Mother Teresa statue is “visual reminder”

Mother Teresa receives the pere Marquette Discovery medal in 1981.

Mother Teresa receives the Pere Marquette Discovery medal in 1981.

For nearly five years, the statue of Mother Teresa of Calcutta waited for its unveiling.

During that time, the university worked with the statue’s donor to bring a prominent Catholic figure to Milwaukee for the statue’s blessing: Pope Benedict XVI.

Vincent Kuttemperoor, founder, chief executive officer and president of V.K. Development Corp. in Brookfield, donated the statue to the university in November 2004 and worked for three years to bring the pope to Milwaukee. Kuttemperoor even traveled to Rome and extended a personal invitation to the pope.

“I tried my very best to bring the pope here,” Kuttemperoor said.

Although the pope will not be present today for the statue’s 11:30 a.m. dedication, Kuttemperoor is expected to join University President the Rev. Robert A. Wild  for a simple blessing. The statue currently stands between the east entrance of Schroeder Complex and the St. Joan of Arc Chapel.

After years of announcements about the statue’s installation and subsequent delays, Wild said he decided the statue’s dedication should coincide with the Centennial Celebration of Women at Marquette.

“Her (Mother Teresa) commitment to serving the poor and marginalized in our society is core to our Jesuit mission and identity, being men and women for others,” said Rana Altenburg, vice president for public affairs and co-chair of the Centennial Celebration of Women planning committee.

She said the representation of Mother Teresa is inspiring and students, faculty and visitors on campus will see it on a daily basis because it is located in a central part of campus.

“When you walk past Mother Teresa, it will be a visual reminder of your call to service,” Altenburg said. “Hopefully it will make people more reflective, more prayerful and more tolerant of the world we’re in.”

Wild said the statue also commemorates Mother Teresa’s 1981 visit to Marquette, when the university awarded her its highest honor, the Pere Marquette Discovery Award.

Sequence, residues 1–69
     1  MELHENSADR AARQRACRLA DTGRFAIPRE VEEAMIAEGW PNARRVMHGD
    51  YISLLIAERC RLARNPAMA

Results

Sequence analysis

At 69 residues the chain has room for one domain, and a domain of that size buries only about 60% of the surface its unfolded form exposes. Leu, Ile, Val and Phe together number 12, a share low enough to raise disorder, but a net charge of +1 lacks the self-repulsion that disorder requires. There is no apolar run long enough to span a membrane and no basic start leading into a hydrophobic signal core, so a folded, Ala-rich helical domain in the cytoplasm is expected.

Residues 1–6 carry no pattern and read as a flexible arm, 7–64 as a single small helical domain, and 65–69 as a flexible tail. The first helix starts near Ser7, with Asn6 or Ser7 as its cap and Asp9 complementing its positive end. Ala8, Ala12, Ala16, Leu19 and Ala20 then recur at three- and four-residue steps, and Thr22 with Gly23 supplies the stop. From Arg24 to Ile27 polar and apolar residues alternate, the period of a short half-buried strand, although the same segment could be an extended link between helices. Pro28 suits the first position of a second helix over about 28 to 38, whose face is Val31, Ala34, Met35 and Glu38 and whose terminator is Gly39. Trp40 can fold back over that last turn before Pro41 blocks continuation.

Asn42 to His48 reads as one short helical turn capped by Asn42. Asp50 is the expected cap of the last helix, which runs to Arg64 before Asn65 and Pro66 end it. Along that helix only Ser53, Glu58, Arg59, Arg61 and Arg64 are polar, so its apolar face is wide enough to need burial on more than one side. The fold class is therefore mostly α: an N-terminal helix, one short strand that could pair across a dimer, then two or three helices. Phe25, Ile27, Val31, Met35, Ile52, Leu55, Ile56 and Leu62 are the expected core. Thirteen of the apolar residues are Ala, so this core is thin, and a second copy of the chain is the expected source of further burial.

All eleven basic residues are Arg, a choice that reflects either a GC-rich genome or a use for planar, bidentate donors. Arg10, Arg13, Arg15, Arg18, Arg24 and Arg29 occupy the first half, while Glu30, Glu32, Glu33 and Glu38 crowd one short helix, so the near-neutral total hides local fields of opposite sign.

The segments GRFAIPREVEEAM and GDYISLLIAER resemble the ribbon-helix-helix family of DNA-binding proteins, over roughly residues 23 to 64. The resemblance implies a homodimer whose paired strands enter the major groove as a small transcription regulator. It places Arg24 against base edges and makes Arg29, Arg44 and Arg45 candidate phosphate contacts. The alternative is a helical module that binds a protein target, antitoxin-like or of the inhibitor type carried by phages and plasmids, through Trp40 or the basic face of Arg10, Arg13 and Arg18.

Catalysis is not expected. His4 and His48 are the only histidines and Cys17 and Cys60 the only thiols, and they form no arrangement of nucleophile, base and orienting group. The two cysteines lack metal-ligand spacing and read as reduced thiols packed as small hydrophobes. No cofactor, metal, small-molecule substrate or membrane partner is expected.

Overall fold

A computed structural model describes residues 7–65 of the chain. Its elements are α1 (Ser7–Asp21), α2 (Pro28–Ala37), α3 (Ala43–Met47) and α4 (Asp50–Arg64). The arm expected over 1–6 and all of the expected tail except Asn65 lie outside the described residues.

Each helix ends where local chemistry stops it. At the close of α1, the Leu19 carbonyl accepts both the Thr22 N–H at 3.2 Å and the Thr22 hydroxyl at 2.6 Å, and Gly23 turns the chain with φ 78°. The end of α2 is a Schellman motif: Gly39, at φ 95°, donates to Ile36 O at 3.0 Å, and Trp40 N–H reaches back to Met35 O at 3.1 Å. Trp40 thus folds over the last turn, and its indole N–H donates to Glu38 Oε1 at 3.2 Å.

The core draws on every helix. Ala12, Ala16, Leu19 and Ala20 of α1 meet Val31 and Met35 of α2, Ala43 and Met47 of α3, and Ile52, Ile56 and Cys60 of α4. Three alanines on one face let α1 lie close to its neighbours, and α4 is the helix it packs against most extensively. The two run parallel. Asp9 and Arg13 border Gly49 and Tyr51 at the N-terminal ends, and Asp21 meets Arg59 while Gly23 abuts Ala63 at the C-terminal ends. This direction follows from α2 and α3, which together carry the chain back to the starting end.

Crafted by internationally recognized Indian artist, Gautam Pal, the bronze likeness of Mother Teresa holding a child stands at 6 feet, 6 inches.

Kuttemperoor said he ordered the statue specially from Calcutta through the associate dean emeritus of the Marquette School of Dentistry, Prem Sharma, who knows Pal personally. Pal also constructed the statue of Mahatma Gandhi that currently stands east of the Milwaukee County Courthouse in MacArthur Square.

Kuttemperoor said his father-in-law personally knew Mother Teresa and raised funds for her mission. Kuttemperoor said he admired her for her work with the poor and marginalized.

For nearly half a century, Mother Teresa ministered to the poor, orphaned, sick and dying. She also founded the Missionaries of Charity in Calcutta. According to her official Web site, Missionaries of Charity had established 610 foundations in 123 countries by the time of her death in 1997.

“She sacrificed a lot for herself and for the other sisters to work for the poor and the needy,” Kuttemperoor said. “How many people will do that? It’s just like a mother to her children.”

When Wild saw the statue for the first time last month, he said he thought it was a great fit for the university.

“I think it’s really very well done,” Wild said. “Various people have said to me that it catches Mother Teresa’s likeness quite well.”

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